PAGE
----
The marvellous Gnawa Festival in Essaouria celebrated its 20th birthday this year, and I celebrated my 11th visit to the festival, armed with drawing books, brush pens and black pens, friends including writers Andy Morgan and Jane Cornwell, and musician, DJ and all-round magician of London-Moroccan culture, Moulay Youssef Knight. Here’s some of that image hoard.
Fordefestivalen plays host to some remarkable music from all over the world, and from across Scandinavia, the concerts unfolding in venues all over the little town in the midst of the fjords and mighty mountains. On Saturday, my report from the festival went live on The Arts Desk. This is an image mosaic from the latest edition, in early July 2017, and here’s a taster of the Arts Desk report. Click the link to read it all.
“Førdefestivalen is a unique musical gathering in a small Norwegian town on Norway’s west coast, deep in fjord country, the landscape painter Nikolai Astrup’s habitat. Skydiving from the nearby Hafstadfjellet mountain (alas, sometimes fatally) is a popular pastime. Jumpers launch themselves from the television mast at the mountain’s peak, where Victor Tavares, a Cape Verdean nonagenarian accordion player, and his group Bitori made music one bright, cold Saturday morning in the Nordic midsummer…”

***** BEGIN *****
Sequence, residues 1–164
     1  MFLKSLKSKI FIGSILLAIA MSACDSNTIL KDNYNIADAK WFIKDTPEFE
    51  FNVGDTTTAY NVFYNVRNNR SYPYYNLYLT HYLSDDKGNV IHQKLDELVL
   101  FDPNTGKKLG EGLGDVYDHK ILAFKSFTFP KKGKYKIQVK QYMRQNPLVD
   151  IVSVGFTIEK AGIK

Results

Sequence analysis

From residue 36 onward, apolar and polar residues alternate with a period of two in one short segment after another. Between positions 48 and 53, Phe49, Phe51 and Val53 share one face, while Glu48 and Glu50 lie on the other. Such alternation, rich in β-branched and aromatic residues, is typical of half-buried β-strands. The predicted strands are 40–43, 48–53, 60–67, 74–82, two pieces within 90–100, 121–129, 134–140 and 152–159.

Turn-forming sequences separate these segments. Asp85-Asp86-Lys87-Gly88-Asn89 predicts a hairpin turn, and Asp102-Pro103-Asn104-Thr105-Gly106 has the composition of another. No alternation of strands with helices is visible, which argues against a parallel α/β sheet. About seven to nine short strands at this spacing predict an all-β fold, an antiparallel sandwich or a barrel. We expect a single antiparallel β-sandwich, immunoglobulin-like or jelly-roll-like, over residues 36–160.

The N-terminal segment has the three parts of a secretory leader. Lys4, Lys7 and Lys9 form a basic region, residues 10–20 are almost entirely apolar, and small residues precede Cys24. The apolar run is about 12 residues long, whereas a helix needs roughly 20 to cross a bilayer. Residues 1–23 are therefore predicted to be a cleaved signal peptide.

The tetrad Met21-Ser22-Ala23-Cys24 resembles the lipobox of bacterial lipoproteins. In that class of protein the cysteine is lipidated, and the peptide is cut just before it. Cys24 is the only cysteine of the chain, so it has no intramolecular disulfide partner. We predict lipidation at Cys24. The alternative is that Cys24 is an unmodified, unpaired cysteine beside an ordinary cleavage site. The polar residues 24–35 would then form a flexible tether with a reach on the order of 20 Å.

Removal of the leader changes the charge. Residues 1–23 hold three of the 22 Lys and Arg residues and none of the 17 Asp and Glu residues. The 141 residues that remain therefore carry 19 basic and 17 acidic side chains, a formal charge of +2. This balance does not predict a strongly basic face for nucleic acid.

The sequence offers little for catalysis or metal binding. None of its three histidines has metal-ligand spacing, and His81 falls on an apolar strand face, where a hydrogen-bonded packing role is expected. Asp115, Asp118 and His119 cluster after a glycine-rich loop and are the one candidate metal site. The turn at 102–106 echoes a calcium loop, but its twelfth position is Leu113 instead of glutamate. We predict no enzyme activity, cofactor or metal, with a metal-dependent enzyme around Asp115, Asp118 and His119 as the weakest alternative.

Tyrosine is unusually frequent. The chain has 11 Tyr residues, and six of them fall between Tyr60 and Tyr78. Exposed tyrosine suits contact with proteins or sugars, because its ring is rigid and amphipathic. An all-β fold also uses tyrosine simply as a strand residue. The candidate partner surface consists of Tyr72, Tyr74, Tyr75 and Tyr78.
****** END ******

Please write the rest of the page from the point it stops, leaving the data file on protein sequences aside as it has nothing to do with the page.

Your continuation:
I’ve a new review up on the mighty Arts Desk today, Sam Lee with a quartet of amazing musicians from Scotland and Norway, playing under the name Wind Eye.
It was the last of the Songlines Encounters for this year. Sadly, as the closing words and music of Linden Tree resounded around the hall, an Islamist death cult was exacting its own repulsive encounters just south of the river in the folklore-rich, song-rich, history-soaked zones of revelry and gathering that are London Bridge and Borough.
One love for the true citizens of London, one hate for the scum guard of a rotten death cult.
Here’s a link to the review: